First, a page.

On Saturday, there was a truck bombing in Armili which is in the Salaheddin province to the north of the capital. Though other cities in the province, such as Tikrit, had been the site of large scale violence, Saturday's bombing is thought to be the first such event for Armili.
Early reports of the bombing put the toll at 115 and noted it would most likely climb. Sunday morning the New York Times ran with 105 and you can always depend on the count to, in fact drop, when the Times reports. Sudarsan Raghavan (Washington Post) reported Sunday (front page) that the count was at least 115 with city officials putting it as high as 150. In this morning's Los Angeles Times, Molly Hennessy-Fiske notes that the death toll from the Saturday bombing has climbed to at least 150.
In today's New York Times, Stephen Farrell notes:
The death toll from a suicide truck bombing in a remote village in northern Iraq rose to around 150 on Sunday, making it one of the deadliest single bombings, if not the deadliest, since the 2003 invasion.
The attack, in the impoverished Shiite Turkmen village of Amerli, 100 miles north of Baghdad in Salahuddin Province, has highlighted fears that Sunni insurgents facing military crackdowns in Baghdad and Diyala Province are simply directing their attacks to areas outside the concentration of American troops.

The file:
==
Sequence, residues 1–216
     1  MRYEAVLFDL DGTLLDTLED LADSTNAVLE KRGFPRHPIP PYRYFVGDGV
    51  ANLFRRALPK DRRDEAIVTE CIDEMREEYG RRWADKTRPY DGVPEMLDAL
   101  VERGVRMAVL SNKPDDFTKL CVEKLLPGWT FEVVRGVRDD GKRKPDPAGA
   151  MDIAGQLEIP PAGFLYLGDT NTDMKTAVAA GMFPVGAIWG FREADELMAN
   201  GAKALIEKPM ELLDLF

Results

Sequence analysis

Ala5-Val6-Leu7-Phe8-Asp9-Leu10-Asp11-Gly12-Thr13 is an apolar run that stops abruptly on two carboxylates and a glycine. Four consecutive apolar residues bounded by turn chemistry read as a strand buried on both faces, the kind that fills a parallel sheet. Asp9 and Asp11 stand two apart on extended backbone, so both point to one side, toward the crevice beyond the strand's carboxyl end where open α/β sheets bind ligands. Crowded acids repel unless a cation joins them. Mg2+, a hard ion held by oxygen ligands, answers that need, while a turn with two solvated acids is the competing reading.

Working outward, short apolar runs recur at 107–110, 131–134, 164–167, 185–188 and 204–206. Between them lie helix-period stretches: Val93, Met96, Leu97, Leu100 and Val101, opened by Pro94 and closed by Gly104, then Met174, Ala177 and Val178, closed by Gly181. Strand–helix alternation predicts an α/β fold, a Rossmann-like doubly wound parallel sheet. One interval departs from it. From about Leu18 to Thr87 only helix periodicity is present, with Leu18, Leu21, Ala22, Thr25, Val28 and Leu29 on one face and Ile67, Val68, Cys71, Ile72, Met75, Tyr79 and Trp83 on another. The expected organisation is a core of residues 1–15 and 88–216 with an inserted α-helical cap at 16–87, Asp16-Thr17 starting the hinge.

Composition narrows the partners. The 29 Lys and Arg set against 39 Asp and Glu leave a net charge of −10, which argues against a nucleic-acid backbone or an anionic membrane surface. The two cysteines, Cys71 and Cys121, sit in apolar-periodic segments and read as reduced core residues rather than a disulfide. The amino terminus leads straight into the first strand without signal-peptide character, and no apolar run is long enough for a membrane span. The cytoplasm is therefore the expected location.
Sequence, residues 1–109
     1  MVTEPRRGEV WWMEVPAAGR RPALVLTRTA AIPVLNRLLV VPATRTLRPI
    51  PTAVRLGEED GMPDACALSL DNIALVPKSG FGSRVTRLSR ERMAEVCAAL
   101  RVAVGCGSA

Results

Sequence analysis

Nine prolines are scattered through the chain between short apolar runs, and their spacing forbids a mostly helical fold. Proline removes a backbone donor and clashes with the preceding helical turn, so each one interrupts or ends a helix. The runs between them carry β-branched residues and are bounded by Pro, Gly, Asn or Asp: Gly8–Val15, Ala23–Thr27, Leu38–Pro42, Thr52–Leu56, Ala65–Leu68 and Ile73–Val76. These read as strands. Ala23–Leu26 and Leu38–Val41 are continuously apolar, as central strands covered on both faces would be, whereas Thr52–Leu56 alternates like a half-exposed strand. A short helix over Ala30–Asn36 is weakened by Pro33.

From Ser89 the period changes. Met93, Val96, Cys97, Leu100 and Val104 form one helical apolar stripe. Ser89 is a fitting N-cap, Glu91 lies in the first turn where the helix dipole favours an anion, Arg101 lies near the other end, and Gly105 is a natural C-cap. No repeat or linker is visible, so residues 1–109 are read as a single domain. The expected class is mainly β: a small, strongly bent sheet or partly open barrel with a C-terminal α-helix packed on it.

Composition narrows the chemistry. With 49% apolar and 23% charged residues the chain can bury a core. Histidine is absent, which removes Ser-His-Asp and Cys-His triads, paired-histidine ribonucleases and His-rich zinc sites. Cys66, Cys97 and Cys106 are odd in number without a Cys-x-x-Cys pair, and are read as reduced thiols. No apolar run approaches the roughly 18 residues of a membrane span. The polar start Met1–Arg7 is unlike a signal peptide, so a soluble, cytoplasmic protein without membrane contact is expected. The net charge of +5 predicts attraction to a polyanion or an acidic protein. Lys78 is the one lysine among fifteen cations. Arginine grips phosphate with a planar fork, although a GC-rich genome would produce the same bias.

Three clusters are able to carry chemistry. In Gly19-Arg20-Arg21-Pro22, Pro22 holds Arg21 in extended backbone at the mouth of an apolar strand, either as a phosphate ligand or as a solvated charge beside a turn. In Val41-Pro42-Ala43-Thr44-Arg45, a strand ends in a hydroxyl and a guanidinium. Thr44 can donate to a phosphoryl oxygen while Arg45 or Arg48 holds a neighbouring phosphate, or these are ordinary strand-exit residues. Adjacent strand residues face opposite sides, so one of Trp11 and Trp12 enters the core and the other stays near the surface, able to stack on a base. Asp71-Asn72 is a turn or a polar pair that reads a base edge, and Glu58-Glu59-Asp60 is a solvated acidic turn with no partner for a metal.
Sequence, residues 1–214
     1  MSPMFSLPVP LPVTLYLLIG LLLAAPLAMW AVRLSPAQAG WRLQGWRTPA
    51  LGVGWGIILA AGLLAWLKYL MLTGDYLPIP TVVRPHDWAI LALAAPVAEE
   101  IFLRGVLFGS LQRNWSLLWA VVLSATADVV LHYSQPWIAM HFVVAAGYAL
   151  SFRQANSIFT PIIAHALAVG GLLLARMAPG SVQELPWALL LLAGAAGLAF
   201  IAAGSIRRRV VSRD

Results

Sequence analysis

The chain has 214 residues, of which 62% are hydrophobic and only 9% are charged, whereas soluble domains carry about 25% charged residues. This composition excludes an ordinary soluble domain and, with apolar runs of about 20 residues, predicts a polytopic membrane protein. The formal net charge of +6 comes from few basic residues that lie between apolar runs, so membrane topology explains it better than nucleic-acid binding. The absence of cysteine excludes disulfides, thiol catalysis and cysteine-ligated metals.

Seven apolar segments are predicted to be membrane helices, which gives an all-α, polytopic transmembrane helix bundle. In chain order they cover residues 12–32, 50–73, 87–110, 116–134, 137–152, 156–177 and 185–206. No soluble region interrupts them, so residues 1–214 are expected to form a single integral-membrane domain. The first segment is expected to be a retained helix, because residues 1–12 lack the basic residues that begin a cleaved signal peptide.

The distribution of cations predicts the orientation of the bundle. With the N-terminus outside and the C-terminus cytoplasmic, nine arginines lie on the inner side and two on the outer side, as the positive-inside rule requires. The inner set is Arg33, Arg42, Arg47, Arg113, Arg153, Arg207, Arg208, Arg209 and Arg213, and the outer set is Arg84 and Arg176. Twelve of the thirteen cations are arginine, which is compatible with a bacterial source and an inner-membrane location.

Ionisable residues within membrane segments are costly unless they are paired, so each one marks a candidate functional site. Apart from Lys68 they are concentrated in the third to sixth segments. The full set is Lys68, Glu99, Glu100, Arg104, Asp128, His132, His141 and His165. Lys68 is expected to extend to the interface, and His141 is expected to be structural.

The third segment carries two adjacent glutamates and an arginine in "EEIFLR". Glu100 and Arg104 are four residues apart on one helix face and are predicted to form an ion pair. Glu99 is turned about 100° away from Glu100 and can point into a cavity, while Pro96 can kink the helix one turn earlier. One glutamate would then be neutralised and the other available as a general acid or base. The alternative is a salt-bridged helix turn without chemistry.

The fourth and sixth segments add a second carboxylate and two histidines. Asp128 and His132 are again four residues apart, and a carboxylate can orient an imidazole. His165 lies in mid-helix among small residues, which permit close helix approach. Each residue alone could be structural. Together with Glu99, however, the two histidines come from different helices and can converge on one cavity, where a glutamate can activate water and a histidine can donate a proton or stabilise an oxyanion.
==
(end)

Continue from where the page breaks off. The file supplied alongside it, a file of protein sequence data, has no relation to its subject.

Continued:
Meanwhile, Robert H. Reid (AP) reports on the latest 'answer' or is a 'plan' -- surely it's strategy for Iraq: citizens should begin arming themselves -- according to both Shi'ite and Sunni politicians.
In Australia, Stan Powell (The Australian) addresses a different sort of self-checkout, the governmental kind:
USUALLY very keen to see himself in the media, the Defence Minister went conspicuously AWOL in China on the weekend. In hiding after his spectacular "Iraq invasion for oil" gaffe last week, Brendan Nelson hunkered down in the Forbidden City for official talks with his Chinese counterparts.
He cancelled an early morning appearance on the ABC TV's Insiders program yesterday, leaving Peter Costello to man the ramparts for the Government. Costello handled the fusillade of questions from Barrie Cassidy with customary ease. "We're all interested in the price at the petrol pump but Australian soldiers don't risk their lives for petrol prices," the Treasurer volunteered, in a line which might have served as a sharp backhander for the now all-but invisible Defence Minister.
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